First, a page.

Program Notes - Harmonium Choral Society

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Program Notes - Harmonium Choral Society
APOCALYPSE NOW: PROGRAM NOTES
June 6 & 7, 2015 Music Alone Shall Live*
The World is Ending
The End of the World
The Mayan Calendar
Traditional German
John Hetland (b. 1941)
Barbara Rosen (b. 1945)
J. David Moore (b. 1962)
Nubes Oriebatur: The Eruption of Vesuvius
Timothy C. Takach (b. 1978)
For lo, I raise up
Laura Winslow, Joe Keefe
Charles V. Stanford (1852-1924)
The Peaceable Kingdom
Randall Thompson (1899-1984)
I. Say ye to the righteous
II. Woe unto them
III. The noise of a multitude
IV. Howl ye
V. The paper reeds by the brooks
VI. But these are they that forsake the Lord/For ye shall go out with joy
Grace Van Cleef, Adam Aguanno
VII. Have ye not known?
VIII. Ye shall have a song
************************INTERMISSION**************************
In hora ultima
Orlando di Lasso (1532-1594)
There is an Old Belief
C.H.H. Parry (1848-1918)
Bright is the Ring of Words
Richard Burchard (b. 1960)
Ken Short, Holland Jancaitis, PJ Livesey, Linda Clark & Rachel Clark Fountain
Radioactive
Imagine Dragons, arr. Jake Sachs (b. 1991)
Chamber Singers
****************************************************************
The Morning Trumpet (men)
Will There Really Be a “Morning”?* (women)
B.F. White (1800-1879)
arr. Mack Wilberg (b. 1955)
Craig Hella Johnson (b. 1962)
18th Annual High School Composition Contest Awards Presentation
Fire Unfelt (WINNER)
Zachary Catron (b. 1998)
A Choral Quilt
Leonard Bernstein (1918-1990)
arr. Jack Gottlieb (1930-2011)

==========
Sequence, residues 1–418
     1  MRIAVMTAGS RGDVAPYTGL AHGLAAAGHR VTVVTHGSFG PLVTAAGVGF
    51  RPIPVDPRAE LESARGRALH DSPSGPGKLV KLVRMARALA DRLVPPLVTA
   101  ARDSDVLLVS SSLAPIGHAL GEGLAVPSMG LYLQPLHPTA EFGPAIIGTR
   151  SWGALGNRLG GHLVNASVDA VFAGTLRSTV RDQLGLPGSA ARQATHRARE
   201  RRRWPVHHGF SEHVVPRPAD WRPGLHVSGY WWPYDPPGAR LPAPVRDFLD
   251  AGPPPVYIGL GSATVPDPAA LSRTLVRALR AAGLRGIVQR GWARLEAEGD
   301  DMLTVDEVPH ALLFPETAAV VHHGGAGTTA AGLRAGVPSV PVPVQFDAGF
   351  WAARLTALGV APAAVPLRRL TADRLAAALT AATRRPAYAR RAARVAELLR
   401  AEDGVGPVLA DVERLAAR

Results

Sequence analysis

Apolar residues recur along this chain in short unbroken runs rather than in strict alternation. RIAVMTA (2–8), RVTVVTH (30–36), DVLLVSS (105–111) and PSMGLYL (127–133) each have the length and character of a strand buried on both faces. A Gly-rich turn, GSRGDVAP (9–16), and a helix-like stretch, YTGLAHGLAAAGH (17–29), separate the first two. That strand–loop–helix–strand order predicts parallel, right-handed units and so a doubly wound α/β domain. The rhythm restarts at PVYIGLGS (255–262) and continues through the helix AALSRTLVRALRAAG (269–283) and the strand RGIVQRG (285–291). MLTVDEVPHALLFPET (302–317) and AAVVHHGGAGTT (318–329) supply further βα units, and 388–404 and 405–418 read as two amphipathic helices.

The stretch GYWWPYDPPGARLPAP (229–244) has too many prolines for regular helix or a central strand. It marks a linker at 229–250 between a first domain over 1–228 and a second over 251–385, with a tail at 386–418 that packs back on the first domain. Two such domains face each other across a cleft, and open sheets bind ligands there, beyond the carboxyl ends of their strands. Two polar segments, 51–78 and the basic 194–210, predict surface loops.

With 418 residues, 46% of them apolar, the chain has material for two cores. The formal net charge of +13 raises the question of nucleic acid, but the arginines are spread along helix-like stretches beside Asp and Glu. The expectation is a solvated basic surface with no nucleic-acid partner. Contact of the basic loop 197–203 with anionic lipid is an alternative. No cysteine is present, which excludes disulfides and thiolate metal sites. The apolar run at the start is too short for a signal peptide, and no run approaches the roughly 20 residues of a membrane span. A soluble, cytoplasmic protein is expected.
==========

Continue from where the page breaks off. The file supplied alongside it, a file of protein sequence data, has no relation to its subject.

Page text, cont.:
Nancy Watson-Baker, Megan French, Matthew Onigman, Ben Schroeder
To the First of My Lovers*
Sydney Carter (1915-2004)
arr. Hella Johnson
Sarah Kuhns, Matthew Shurts
Dance of Zálongo*
Carol Barnett (b. 1949)
Harmonium Dancers; Murray Spiegel, captain
*With our partnership choruses (The Gould School Chorus & Mendham High School Women’s
Ensemble)
Instrumentalists: Helen Raymaker, piano Ian Tomesch, organ
Mariam Bora, recorder Joe Keefe, claves Maureen Lewis, flute
*****************************************************************************
“Music can name the unnamable and communicate the unknowable.”
-Leonard Bernstein
In the last decade, there has been a surge of “post-apocalyptic” novels from The Hunger Games
to Maze Runner, the Unwind series and many more. I have been fascinated by this need for the
young generation to explore these scary themes in a new light. But writing (and singing) about
the end times is as ancient as writing and singing. Whether we explore the universal themes of
the Book of Revelation, or the more specific themes of villages’ and towns’ or individuals’ lives,
it helps us to look this in the face and wonder—what comes AFTER?
We begin out concert with the traditional German round Music Alone Shall Live, but just so you